This was the third trip to PAX for Claire and myself, first in 2008 on our Epic Holiday[TM], and again in 2011 after arriving in Vancouver and getting settled in. But this year was special, as two friends and my brother joined us in Seattle for the first four-day PAX ever, and it was fantastic
Mike had arrived in Vancouver a few days early, and we all travelled south to Seattle by train on Thursday evening, meeting up with friends I had made on the last visit to PAX at the station in Vancouver. It certainly helped pass the time on the five hour trip to have friends to chat to.
In Seattle we met up with JP and my brother Stephen. They had been in Seattle for a day already, and had gotten a jump on us by attending a Microsoft event and playing the Xbox One! Thursday night was pretty much a crash, as we wanted to be up super early Friday morning to get into the hall for a full day of PAX.
The whole weekend was amazing! I got so much free swag, mostly in the form of t-shirts, and spent a not inconsiderable amount of cash on merchandise, again, mostly in the form of t-shirts. We all had a blast trying out and seeing upcoming games, and managed to spend time doing our own thing without getting separated for too long, or at least being able to meet up later without difficulty. It helped a lot that the convention centre wifi stayed working under the strain of thousands of nerds on mobile devices for the majority of the time. We could email and tweet at each other with plans from where ever we were at.
Once again, I didn't do much by way of panels. Stephen and JP came in early some mornings to get into interesting presentations without having to queue for too long, which was the best way to do it, in my opinion. I don't see much point in queuing for five hours to play a 15 minute demo of a game I'm already sold on buying when it's released a month down the line. We did go to the Gearbox Software panel together in the Paramount Theatre, which was hilarious and awesome, and then we got to meet the team after at their signing! Very cool!
But my big lesson from this year at PAX was that I'm becoming less and less interested in the triple-A titles on display and more and more involved with the indy games. I found myself in the indy games section at least once every day, trying out games I've never heard of, from companies that might not even have existed in 2011. My favourite games at PAX this year were all from the indy's, from the colourful and frantic four-player chaos of Speed Runners to the beautiful and hilarious Monster Loves You, both of which I got after the convention on Steam. The only triple-A title I spent any time queuing for was Nintendo's HD remake of Wind Waker, and only then for the free t-shirt. I've already played the game one my GameCube.
Two companies of particular note that I got to speak to this year are Vancouver's own Klei Entertainment, creators of Mark of the Ninja, Don't Starve and the currently on Early Access release Incognita, and the team behind my game of 2013, Gunpoint. I fanboyed out bigtime meeting Tom, John and Ryan at their PAX 10 booth. They were a pleasure to meet, and I'm delighted to have been supporting them since launch, buying my copy of Gunpoint before I even had my own Steam account, and before it became the massive success it is. I've been following Gunpoint since November 2011, and I'll be following this team onto their next big project too, whatever that may be.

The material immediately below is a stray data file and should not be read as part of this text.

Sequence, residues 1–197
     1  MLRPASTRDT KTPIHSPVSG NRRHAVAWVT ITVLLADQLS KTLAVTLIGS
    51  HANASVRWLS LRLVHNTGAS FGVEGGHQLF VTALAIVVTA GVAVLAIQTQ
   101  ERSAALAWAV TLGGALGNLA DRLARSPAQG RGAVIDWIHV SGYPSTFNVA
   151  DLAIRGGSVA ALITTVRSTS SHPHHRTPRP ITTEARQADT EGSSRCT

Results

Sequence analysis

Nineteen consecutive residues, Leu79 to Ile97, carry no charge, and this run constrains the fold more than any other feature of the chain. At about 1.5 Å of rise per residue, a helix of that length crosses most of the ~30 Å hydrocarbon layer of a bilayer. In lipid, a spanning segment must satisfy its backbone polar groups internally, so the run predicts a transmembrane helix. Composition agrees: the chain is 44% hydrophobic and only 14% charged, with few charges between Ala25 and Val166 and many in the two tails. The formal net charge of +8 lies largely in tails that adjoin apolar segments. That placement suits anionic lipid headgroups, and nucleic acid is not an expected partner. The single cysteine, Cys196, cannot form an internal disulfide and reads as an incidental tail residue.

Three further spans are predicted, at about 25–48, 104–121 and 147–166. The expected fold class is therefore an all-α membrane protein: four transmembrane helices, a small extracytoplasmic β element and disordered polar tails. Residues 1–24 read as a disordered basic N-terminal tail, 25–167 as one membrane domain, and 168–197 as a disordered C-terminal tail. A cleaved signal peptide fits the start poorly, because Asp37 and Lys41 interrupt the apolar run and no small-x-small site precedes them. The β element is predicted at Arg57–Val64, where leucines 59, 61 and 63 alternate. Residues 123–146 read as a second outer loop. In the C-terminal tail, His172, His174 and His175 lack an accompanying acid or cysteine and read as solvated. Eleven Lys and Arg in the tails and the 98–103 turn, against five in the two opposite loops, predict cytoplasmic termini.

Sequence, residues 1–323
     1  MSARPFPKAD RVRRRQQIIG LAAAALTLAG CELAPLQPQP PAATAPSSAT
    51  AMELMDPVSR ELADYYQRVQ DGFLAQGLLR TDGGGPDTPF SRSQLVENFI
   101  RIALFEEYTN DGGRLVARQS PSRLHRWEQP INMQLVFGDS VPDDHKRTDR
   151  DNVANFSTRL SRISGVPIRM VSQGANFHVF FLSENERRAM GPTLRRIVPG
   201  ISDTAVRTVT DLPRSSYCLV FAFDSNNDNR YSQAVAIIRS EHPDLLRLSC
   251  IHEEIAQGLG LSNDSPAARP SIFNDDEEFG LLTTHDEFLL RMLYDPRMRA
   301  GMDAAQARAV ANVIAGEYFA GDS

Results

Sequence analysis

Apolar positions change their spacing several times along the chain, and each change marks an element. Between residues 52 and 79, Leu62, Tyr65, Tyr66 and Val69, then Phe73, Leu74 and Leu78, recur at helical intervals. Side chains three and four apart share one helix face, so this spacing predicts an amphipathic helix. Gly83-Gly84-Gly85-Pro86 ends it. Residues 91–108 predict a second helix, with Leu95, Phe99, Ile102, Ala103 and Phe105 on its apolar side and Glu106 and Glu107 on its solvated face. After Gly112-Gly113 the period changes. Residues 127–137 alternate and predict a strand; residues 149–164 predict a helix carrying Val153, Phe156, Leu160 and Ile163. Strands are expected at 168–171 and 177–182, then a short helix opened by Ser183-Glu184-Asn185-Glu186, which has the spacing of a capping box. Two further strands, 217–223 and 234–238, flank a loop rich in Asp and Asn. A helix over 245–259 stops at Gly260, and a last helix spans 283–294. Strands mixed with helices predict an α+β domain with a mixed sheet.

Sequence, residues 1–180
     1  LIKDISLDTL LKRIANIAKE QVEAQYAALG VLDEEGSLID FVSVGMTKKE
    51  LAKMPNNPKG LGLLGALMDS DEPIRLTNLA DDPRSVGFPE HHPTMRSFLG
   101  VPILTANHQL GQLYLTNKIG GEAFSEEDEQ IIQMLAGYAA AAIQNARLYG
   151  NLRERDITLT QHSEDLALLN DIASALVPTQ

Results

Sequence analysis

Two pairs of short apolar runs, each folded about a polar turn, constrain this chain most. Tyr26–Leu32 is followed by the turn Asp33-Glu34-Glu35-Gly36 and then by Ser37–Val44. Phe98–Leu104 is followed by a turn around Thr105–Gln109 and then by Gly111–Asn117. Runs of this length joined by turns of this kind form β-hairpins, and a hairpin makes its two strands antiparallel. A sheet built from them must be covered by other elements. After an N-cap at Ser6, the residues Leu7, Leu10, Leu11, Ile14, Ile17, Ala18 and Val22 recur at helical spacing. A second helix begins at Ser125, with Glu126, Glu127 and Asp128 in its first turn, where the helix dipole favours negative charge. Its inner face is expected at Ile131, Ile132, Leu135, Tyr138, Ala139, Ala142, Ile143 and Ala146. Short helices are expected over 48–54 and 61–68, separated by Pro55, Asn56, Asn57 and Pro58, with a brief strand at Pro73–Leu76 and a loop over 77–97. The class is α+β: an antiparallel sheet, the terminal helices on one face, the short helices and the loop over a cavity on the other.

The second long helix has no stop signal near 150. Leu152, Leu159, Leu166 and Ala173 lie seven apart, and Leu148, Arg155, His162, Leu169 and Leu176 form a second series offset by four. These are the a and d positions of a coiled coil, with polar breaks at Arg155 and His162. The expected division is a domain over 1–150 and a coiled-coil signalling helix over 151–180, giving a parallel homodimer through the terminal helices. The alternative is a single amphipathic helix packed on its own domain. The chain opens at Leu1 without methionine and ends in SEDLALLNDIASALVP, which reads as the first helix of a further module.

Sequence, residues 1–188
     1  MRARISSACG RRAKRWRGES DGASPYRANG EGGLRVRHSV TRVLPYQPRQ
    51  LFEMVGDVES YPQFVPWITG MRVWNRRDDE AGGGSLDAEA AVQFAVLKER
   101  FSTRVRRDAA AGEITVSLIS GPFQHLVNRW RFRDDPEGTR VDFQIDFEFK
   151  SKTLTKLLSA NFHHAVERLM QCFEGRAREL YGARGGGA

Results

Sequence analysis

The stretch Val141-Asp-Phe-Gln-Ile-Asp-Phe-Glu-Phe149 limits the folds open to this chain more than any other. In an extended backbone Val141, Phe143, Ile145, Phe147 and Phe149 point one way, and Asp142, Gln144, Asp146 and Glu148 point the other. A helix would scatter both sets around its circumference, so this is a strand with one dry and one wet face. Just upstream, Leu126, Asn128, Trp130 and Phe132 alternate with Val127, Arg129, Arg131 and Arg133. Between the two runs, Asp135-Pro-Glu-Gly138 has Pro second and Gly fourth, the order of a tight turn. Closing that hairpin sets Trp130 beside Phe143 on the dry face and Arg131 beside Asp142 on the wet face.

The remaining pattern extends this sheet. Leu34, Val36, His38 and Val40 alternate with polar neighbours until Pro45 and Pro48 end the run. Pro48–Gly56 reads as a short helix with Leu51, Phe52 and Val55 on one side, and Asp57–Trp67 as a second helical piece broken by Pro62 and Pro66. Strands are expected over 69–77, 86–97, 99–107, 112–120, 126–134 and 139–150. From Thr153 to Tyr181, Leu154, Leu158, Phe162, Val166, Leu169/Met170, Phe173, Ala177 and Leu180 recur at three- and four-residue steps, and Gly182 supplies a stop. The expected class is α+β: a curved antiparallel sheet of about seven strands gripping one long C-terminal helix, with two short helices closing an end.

And it wasn't just the indy companies that caught my attention. JP, Mike, Stephen and myself spend an hour in the DigiPen section, an area showcasing the best games from the DigiPen Institute of Technology in Redmond, Washington. The games were creative, clever, beautiful and masterfully crafted with love and care, and we spent longer there as a group than at any of the big name booths.
It was interesting to note that more of the Indy games we saw were supporting couch co-op or couch competition. I have many happy memories of playing Mario Kart or Bomberman on the SNES with my cousins, or GoldenEye on the N64 with the garda recruits that stayed with us, each sharing one TV, and having those immediate and intimate reactions only possible when sharing a couch with your opponents. Even from the Xbox 360 era, two of my favourite memories are playing split-screen with a friend. I'd love to see a resurgence in that social gaming with friends in the coming years, and I think indy games might be at the forefront of that.
I hope that the organizers of PAX 2013 noted the heavy foot traffic in the indy section this year and give them a greater space next year. I realize they can't cough up the same amount as the big studios, but they deserve the support and recognition.
PAX was a fun time with fun friends, and I've enjoyed it every year we've been, but Mike "Gabe" Krahulik's recent comments on transgenders and the whole recurring Dickwolves fiasco has definitely soured our interest in ever going again. At the start of September I said we'd probably never return to PAX, but that's a bit premature. I'm not willing to accept Gabe's apologies, as at this point it's clear he either doesn't really mean it, or he isn't learning from his previous mistakes. But I would like to come back to a safer, more accepting, open PAX with my future children and share with them the joy of being a gamer geek.
So never is a long time. But not next year.